Ever since the trade that sent three first round picks (and swapped picks in 2017), the Nets have been a laughing-stock among NBA fans, as they’ve consistently put together awful seasons only to get an awful draft pick. But, under new direction with Kenny Atkinson at coach and Sean Marks at GM, the Nets will snap out of their failure this season and exceed expectations.
The Westgate Las Vegas SuperBook has the Nets at an over/under of 28.5 wins in the 2017-18 season. Here’s why they will exceed that.
The System Fits the Players
This seems pretty basic, but the system the team runs needs to fit the types of players a team has. We’ve seen many instances of that not being the case, as they usually end in bad terms (Dwight Howard in Atlanta and Carmelo Anthony in New York recently). But, the Nets have all the right guys to perfectly execute Kenny Atkinson’s system.
Atkinson wants to play fast, positionless, and 5-out offense, and they have players to fit that. Both D’Angelo Russell and Jeremy Lin can play either guard spot with ease and can shoot beyond the arc (35.2% and 37.2%). In the offseason, the Nets picked up bad contracts like Allen Crabbe and Demarre Carroll, and although they both haven’t lived up to their contracts, they are poised for break-out years playing under Atkinson’s scheme.
— NBA (@NBA) October 9, 2017
In the frontcourt, Rondae Hollis-Jefferson fits exactly what the Nets want to do. His 6’7″ frame, athleticism, rebounding ability, and his 7’3″ wingspan allow him to guard small forwards to centers effectively. New draft pick Jarrett Allen has a 7’5″ wingspan along with great speed to get up and down the floor. Timofey Mozgov (newly acquired) and Jarrett Allen didn’t have a three-point shot in their arsenal, but thanks to the Nets’ player development, both have added that shot.
The Nets took on a lot of salary this summer, but they got names like Timofey Mozgov, Demarre Carroll, Allen Crabbe, and D’Angelo Russell. Carroll struggled mightily in his two seasons as a Raptor, but playing under Kenny Atkinson (assisstant coach for ATL in 2015) again should raise his production. Carroll was a lethal shooter in Atlanta (39.5% from three), and he should be able to get there again with Atkinson.
Predicition: Allen Crabbe wins Most Improved after he scores 15 or so PPG and wins the 3-point contest at All-Star Weekend.
— Keith Smith (@KeithSmithNBA) October 8, 2017
Allen Crabbe gets a bad reputation for not living up to his big contract he signed last offseason (4yr/74m). But, with a crowded backcourt in Portland, there was no way for him to make his mark. He shot 44.4% from three last season, but he only attempted 3.8 three-point attempts per game last season. In Brooklyn, he should receive a lot more.
Mozgov gets disregarded because of how the NBA is moving these days, but the Nets have attempted to modernize his game. Mozgov was seen practicing his three’s (along with Allen), so if he’s able to atleast have the threat of a perimeter game, it should increase his production from his 13 points and 8.8 rebounds per 36 minutes.
D'Angelo Russell is legit. Brooklyn found their star. I fully believe this
— greece hoskins 🇬🇷 (@georgeythegreek) October 12, 2017
The Nets Got Their Face of the Franchise
On June 20th, the Lakers traded Timofey Mozgov and D’Angelo Russell to the Nets for Brook Lopez and the 27th pick in the 2017 NBA Draft. Although the Nets had to give away Lopez and a first and take on Mozgov, the Nets finally got their star to build around: D’Angelo Russell.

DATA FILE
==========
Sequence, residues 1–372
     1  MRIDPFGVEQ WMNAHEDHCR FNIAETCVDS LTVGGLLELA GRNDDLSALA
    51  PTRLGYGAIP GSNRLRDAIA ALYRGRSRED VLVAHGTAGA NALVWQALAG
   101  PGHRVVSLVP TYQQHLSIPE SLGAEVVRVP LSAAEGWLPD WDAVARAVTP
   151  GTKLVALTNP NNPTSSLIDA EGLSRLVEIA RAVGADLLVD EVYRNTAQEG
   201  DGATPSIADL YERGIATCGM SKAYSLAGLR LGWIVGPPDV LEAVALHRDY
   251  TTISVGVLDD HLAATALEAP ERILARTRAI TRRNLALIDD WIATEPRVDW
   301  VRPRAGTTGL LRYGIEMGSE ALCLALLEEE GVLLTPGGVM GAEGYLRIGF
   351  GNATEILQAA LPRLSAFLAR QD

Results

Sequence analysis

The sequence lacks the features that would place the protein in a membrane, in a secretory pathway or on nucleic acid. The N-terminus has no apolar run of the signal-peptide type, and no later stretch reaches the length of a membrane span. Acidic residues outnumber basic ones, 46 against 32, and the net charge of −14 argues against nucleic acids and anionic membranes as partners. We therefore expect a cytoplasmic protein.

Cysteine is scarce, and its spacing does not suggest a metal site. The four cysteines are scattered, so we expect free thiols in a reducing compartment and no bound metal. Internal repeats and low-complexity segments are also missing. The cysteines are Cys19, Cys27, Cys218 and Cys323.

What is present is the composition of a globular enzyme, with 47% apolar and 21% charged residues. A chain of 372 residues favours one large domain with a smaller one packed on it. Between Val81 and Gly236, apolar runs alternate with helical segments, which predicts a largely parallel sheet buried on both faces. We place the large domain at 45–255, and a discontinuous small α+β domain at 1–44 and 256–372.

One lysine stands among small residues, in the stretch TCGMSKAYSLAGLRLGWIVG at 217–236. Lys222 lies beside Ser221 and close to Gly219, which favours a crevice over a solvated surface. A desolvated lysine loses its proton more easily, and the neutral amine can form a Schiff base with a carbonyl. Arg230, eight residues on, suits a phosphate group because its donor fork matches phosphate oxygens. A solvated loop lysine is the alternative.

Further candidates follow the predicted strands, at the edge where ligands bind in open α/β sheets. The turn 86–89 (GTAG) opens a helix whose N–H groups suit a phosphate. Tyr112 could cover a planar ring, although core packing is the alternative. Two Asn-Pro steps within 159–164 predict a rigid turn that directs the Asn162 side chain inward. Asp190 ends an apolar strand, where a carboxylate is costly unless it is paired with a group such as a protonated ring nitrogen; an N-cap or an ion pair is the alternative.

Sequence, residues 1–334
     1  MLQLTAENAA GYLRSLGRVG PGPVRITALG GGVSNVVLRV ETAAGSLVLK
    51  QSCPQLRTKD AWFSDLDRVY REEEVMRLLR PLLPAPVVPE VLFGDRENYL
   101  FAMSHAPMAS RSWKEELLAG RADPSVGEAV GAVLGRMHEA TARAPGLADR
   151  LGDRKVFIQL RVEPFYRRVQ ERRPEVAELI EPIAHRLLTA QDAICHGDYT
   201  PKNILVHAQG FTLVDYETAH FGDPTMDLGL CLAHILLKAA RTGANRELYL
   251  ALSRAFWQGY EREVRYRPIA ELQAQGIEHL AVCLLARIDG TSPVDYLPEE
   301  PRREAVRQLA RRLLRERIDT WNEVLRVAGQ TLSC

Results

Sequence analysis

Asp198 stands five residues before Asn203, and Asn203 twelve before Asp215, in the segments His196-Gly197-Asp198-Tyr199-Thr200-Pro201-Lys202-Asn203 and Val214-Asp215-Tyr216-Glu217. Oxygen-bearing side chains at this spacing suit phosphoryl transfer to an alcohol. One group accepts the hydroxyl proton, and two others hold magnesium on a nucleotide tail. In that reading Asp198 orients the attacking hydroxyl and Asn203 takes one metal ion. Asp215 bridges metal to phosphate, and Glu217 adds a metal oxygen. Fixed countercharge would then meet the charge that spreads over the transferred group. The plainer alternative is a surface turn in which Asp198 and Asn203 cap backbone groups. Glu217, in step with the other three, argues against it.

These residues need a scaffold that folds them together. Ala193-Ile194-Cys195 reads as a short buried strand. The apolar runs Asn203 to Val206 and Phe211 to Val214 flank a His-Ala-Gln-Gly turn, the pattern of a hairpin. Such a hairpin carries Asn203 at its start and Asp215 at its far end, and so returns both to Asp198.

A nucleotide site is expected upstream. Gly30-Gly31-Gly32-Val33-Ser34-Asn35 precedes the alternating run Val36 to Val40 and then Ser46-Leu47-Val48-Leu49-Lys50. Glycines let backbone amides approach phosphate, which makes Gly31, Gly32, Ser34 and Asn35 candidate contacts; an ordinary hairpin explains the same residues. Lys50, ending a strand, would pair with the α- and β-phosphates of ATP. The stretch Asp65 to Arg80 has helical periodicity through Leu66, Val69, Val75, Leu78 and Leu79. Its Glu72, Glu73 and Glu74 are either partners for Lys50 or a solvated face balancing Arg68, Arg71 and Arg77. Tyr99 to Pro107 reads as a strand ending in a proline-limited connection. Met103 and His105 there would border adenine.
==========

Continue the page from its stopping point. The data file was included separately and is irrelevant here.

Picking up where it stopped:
The NBA is a star’s league. Without a star, teams tend to lose popularity and lack success on the court. When the Hawks won 60 games, went undefeated in January, and made it to the ECF in 2015, they were still mediocre in attendance, and they got squashed by Lebron James’ Cavs in the ECF. The Hawks were built off of teamwork, but that’s not how to achieve success in the NBA; that’s not how a NBA title is won.
D’Angelo Russell is a budding star. He’s only entering his 3rd season in the NBA, and in his second season last year in LA, he averaged 15.6 points per game. With Russell being the main man in Brooklyn this year, he should drastically improve, especially with lowered expectations in Brooklyn.
Russell is under contract through the 2019-20 season and then is a restricted free agent, so the Nets have control over Russell for a long time. Russell is going to have help to, with young guys like Caris Levert, Jarrett Allen, Allen Crabbe, and Rondae Hollis-Jefferson locked up for a while.
37 wins is a lot for the Nets, and this is probably the most optimistic prediction you’ll see. But, I predict D’Angelo Russell to eclipse the 20 points per game mark this season, and you can make an argument that all Eastern Conference playoff teams had a point guard that was the 1st or 2nd best player on their team. Also, Jeremy Lin can play either guard position, giving the Nets a capable backcourt.
I think Demarre Carroll and Allen Crabbe will be perfect fits in the system and will shoot exceptionally well from three. And with Caris LeVert entering his second season, I think he’ll progress into the double-digit points per game total.
A big concern I have for this Nets team is the frountcourt. Even though Rondae Hollis-Jefferson is has a 7’3″ wingspan, his 6’7″ frame is particularly small for playing power forward, and any rumors of him playing center seem concerning.
Jarrett Allen is a project, as he’s not played an NBA game yet and the Nets drafted him for his potential. I don’t expect him to do that much this season, as it’s going to take him a while to develop into what fans think he can be. Although Mozgov is a servicable center, his lack of mobility doesn’t bode well in the NBA these days.
I think the frountcourt will be the reason the Nets struggle if they do. But, if Rondae Hollis-Jefferson can play bigger than his size, the Nets have a real chance to contend for a playoff spot.